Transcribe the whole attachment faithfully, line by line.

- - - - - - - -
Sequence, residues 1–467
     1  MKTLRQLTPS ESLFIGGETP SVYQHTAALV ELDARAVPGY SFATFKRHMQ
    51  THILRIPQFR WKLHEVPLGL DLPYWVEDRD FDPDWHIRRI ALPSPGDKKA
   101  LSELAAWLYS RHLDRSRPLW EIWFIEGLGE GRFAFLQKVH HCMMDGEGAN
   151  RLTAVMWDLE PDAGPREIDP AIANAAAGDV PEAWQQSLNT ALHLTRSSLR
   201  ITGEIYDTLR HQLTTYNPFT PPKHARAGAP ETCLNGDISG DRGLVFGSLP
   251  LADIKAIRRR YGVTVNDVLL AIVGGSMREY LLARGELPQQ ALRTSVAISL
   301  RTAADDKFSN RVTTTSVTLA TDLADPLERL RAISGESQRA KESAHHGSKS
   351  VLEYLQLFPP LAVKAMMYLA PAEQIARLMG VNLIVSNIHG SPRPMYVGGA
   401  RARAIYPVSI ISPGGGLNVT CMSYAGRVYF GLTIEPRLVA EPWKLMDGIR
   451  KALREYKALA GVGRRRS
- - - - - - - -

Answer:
Sequence, residues 1–467
     1  MKTLRQLTPS ESLFIGGETP SVYQHTAALV ELDARAVPGY SFATFKRHMQ
    51  THILRIPQFR WKLHEVPLGL DLPYWVEDRD FDPDWHIRRI ALPSPGDKKA
   101  LSELAAWLYS RHLDRSRPLW EIWFIEGLGE GRFAFLQKVH HCMMDGEGAN
   151  RLTAVMWDLE PDAGPREIDP AIANAAAGDV PEAWQQSLNT ALHLTRSSLR
   201  ITGEIYDTLR HQLTTYNPFT PPKHARAGAP ETCLNGDISG DRGLVFGSLP
   251  LADIKAIRRR YGVTVNDVLL AIVGGSMREY LLARGELPQQ ALRTSVAISL
   301  RTAADDKFSN RVTTTSVTLA TDLADPLERL RAISGESQRA KESAHHGSKS
   351  VLEYLQLFPP LAVKAMMYLA PAEQIARLMG VNLIVSNIHG SPRPMYVGGA
   401  RARAIYPVSI ISPGGGLNVT CMSYAGRVYF GLTIEPRLVA EPWKLMDGIR
   451  KALREYKALA GVGRRRS